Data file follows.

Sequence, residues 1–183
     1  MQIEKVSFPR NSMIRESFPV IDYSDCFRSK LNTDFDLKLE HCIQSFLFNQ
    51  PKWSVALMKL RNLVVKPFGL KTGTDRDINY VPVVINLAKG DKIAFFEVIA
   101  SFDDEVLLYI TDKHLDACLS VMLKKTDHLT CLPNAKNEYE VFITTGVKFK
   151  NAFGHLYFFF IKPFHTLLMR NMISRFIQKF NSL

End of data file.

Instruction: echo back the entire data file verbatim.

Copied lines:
Sequence, residues 1–183
     1  MQIEKVSFPR NSMIRESFPV IDYSDCFRSK LNTDFDLKLE HCIQSFLFNQ
    51  PKWSVALMKL RNLVVKPFGL KTGTDRDINY VPVVINLAKG DKIAFFEVIA
   101  SFDDEVLLYI TDKHLDACLS VMLKKTDHLT CLPNAKNEYE VFITTGVKFK
   151  NAFGHLYFFF IKPFHTLLMR NMISRFIQKF NSL